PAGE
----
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Digital Natives and the Myth of the Revolution: Questioning the Radical Potential of Citizen Action

by Prasad Krishna last modified Apr 03, 2012 08:36 AM
Nishant Shah made a presentation on 'Questioning the radical potential for citizen action' at the Annenberg School of Communication at the University of South California on March 8, 2012.
Digital Natives and the Myth of the Revolution: Questioning the Radical Potential of Citizen Action

Nishant Shah

The event was organised by the Annenberg Research Network in International Communication (ARNIC) and the Civic Paths research group.

This talk is a thought-in-progress inquiry into the radical claims and potentials of citizen action which has emerged in the last few years in several parts of the world. It seeks to show how citizen action is not necessarily a radical form of politics and that we need to make a distinction between Resistances and Revolutions. It locates Resistance as an endemic condition of governmentality within a State-Citizen-Market relationship and shows how it often strengthens the status-quo rather than radically undermining it. Looking at one particular instance of a campaign against corruption in India, to build a framework that can  be deployed to understand the dissonance between the claims of the future and the practices of the present that gets produced in such instances of citizen action.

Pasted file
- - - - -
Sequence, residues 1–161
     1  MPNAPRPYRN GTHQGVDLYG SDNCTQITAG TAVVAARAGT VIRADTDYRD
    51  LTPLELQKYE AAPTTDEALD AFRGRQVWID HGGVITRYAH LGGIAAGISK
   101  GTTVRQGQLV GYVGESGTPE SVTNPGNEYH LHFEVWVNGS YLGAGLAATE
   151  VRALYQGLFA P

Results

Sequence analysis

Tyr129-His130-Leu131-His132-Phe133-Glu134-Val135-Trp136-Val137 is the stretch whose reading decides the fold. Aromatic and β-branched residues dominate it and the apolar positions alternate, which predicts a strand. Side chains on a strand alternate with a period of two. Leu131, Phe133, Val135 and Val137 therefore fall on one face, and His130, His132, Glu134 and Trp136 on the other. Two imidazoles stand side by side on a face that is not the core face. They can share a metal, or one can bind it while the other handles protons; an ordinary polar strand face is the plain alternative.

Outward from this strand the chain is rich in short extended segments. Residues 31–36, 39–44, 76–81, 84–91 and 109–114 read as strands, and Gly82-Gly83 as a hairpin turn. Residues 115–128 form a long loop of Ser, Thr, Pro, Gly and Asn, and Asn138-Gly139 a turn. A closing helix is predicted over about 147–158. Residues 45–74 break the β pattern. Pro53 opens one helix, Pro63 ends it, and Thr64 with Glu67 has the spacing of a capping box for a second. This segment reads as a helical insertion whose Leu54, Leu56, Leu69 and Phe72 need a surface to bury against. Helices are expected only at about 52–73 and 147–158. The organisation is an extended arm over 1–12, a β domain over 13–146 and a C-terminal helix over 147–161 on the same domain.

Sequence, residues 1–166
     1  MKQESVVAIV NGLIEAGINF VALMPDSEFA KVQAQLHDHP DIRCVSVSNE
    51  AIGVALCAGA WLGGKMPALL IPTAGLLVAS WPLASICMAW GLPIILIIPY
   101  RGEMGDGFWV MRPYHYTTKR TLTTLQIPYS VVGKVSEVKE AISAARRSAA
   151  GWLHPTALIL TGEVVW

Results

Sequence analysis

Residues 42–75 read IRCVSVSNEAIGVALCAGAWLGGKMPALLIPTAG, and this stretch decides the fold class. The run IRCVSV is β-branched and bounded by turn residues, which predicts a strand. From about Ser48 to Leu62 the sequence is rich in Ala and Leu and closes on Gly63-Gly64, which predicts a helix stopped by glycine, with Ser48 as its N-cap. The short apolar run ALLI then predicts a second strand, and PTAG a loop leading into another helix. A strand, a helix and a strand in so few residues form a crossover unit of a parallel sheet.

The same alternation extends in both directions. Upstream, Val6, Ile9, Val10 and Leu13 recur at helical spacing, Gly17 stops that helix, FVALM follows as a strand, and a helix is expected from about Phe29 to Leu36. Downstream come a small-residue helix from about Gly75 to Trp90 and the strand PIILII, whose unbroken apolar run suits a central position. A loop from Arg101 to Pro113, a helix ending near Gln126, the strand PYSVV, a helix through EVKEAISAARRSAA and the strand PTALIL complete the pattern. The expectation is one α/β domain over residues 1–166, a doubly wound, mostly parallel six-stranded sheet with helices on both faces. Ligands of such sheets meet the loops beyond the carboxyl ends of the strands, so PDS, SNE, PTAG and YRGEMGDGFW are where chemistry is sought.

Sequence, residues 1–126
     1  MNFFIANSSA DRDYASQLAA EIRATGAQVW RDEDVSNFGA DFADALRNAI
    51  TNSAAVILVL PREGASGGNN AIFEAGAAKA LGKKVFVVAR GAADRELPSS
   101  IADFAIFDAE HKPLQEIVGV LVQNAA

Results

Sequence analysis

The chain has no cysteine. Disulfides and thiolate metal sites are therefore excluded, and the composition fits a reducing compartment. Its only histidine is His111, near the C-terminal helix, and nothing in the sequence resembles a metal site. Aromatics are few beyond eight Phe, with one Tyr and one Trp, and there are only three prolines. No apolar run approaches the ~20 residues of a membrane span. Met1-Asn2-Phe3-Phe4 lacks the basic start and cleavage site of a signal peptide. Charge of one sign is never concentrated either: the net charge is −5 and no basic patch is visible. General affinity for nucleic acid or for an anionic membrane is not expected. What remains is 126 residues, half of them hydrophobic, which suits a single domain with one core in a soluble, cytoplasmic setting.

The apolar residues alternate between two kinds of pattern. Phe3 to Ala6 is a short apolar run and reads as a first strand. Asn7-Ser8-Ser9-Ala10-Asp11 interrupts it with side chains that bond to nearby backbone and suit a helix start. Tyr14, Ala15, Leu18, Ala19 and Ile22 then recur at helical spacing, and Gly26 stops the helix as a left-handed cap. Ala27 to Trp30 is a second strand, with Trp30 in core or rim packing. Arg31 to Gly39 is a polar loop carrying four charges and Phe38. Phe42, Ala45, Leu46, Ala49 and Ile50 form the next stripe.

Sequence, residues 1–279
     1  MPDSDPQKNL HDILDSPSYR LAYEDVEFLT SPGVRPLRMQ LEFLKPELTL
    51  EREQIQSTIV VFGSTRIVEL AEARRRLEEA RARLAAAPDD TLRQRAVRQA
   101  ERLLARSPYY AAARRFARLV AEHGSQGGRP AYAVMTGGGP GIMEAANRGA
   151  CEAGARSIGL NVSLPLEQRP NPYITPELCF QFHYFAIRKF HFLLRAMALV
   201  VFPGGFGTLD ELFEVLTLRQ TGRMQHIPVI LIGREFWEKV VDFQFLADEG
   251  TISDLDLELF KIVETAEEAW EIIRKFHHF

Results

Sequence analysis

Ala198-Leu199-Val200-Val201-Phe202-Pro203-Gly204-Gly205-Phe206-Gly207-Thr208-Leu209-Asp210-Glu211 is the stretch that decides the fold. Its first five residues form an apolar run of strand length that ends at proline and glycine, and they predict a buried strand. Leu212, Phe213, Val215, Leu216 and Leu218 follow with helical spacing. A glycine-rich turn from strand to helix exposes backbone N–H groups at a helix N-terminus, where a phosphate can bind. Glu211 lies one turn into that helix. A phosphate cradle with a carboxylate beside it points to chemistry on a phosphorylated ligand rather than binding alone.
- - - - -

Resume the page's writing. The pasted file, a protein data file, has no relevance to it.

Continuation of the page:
Nishant Shah is the co-founder and Director-Research at the Bangalore based research organisation Centre for Internet and Society. His interest is in questions of governance, identity, planning and body at the intersections of digital technologies, law and everyday cultural practice. He recently co-edited a 4 volume book titled 'Digital AlterNatives with a Cause?' that explores the relationships between youth-technology-change in emerging ICT contexts of the Global South.

Venue: University of South California
Date: March 8, 2012
Time: 4.00 p.m to 5.30 p.m.

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